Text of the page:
Barista Magazine

APR-MAY 2018

Serving People Serving Coffee Since 2005

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Page 45 of 135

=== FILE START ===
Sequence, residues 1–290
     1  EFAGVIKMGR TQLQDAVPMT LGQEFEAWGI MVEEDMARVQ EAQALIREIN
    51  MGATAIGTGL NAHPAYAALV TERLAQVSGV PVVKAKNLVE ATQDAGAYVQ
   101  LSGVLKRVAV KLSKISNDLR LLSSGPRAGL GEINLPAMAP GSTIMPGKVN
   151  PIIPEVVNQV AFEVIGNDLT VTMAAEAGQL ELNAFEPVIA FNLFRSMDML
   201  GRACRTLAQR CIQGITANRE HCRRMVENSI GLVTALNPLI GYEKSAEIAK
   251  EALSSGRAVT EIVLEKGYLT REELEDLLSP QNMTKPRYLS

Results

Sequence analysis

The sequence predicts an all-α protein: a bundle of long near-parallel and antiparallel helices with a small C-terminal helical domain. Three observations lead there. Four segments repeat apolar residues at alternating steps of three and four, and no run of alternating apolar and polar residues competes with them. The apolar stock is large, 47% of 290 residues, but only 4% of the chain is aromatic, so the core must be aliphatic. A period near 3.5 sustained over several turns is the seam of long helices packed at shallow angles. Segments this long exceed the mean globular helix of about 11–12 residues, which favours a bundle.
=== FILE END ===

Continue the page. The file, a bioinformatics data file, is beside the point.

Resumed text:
While most European and Australian roasters recognize that a good Robusta can improve an espresso blend, the concept of high-quality Robusta is still something that few American roasters grasp. Even though newer roasters are quick to reject rules of thumb that guided previous generations, one rule many hesitate to break is, "Arabica good, Robusta bad." DAY 9 — KEREHUCKALOO ESTATE The best coffee on every Josuma sourcing trip is at Kerehuckaloo—or to be more precise, this is where the best morning coffee is served. One of the confounding things about traveling to origin is that the coffee available in-country is rarely as good as that country's beans in the United States. Economics dictates much of this. Because consum- ing countries can pay more for beans, most countries will export their best beans. Locals get stuck with the remnants. You can see this in the way locals consume coffee. Typically, the local drink will include other ingredients, such as chicory, lots of milk, sugar, or condensed milk, to compensate for shortcomings in the beans available locally. In South India, the local drink is something called "fi lter coffee," which is a mix of coffee (often augmented with chicory), sugar, and milk. Imagine a sweet, frothy, café au lait. Getting a good South Indian fi lter coffee, however, requires surmounting another obstacle: Most people in India, including the kitchen help that make the coffee, are tea drinkers. This isn't a problem at Kerehuckaloo Estate, where the owner, H. B. Rajagopal, makes the morning coffee himself. Starting with beans grown on his estate and roasted for him at a local coffee works, he produces the coffee decoction (imagine cold-brew concentrate, but made with hot water) each day. To make the morning coffee, he heats up milk (sometimes freshly drawn), combines it with sugar and decoction, and then aerates it by pouring it back and forth between the pan and a cup. While the coffee is quite tasty in the kitchen, it becomes even more enjoyable when I pair it with the stunning view from the porch. DAY 10 — BADNEKHAN ESTATE The fi nal plantation on my itinerary is Badnekhan Estate, located high up on Merthi Mountain. Although I start this day just fi ve miles away at Kerehuckaloo, the drive takes an hour as the route requires us to circumnavigate the mountain before ascending. Badnekhan, an estate blessed with both heavy shade and elevation high enough to lose cell coverage, is worth the wait. After touring the fi elds, pulp house, and drying yards with owner Roshin Varghese, we do a cupping of the estate's beans. The table includes not just the Selection 9s that regularly win Flavour of India awards, but also a surprisingly fruity S795 and a juicy Caturra strain (dubbed "Avanthi"). Lunch al fresco follows, ending with a plate of Instagram-worthy rose apples, one of the many other crops grown here, for dessert. Visitors to Indian coffee farms are often surprised to learn that polyculture is the norm. Although coffee is a plantation's major crop, it is never the only crop. Peppercorns, timber, and/or areca nut are other common major crops. Coconut, vanilla, cacao, cardamom, rice, citrus fruit, or rubber may also be in the mix. Eschewing monoculture offers not just the environmental sustainability we read about in The At Badnekhan Estates raised beds are used extensively. This photo shows washed coff ee in the fi rst three rows, and honey process in the fourth row. Further back, unripes and fl oaters get dry processed. 46 barista magazine

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